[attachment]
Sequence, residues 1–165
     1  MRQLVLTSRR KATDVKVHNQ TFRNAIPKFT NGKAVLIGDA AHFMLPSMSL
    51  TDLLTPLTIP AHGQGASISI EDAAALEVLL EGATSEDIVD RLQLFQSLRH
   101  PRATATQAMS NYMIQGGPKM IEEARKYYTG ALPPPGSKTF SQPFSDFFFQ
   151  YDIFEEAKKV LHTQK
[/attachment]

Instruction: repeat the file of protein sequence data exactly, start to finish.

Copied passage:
Sequence, residues 1–165
     1  MRQLVLTSRR KATDVKVHNQ TFRNAIPKFT NGKAVLIGDA AHFMLPSMSL
    51  TDLLTPLTIP AHGQGASISI EDAAALEVLL EGATSEDIVD RLQLFQSLRH
   101  PRATATQAMS NYMIQGGPKM IEEARKYYTG ALPPPGSKTF SQPFSDFFFQ
   151  YDIFEEAKKV LHTQK